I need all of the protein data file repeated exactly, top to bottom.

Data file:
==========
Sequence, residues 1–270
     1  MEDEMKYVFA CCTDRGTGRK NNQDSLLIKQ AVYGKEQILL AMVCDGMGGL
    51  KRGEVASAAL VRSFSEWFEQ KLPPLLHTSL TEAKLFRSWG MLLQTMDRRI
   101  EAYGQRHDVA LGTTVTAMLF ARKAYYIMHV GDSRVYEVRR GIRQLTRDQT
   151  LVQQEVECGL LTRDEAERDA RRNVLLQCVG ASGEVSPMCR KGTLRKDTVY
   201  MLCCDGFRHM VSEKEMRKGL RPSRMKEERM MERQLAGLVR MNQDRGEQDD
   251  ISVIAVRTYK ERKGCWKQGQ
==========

Sequence, residues 1–270
     1  MEDEMKYVFA CCTDRGTGRK NNQDSLLIKQ AVYGKEQILL AMVCDGMGGL
    51  KRGEVASAAL VRSFSEWFEQ KLPPLLHTSL TEAKLFRSWG MLLQTMDRRI
   101  EAYGQRHDVA LGTTVTAMLF ARKAYYIMHV GDSRVYEVRR GIRQLTRDQT
   151  LVQQEVECGL LTRDEAERDA RRNVLLQCVG ASGEVSPMCR KGTLRKDTVY
   201  MLCCDGFRHM VSEKEMRKGL RPSRMKEERM MERQLAGLVR MNQDRGEQDD
   251  ISVIAVRTYK ERKGCWKQGQ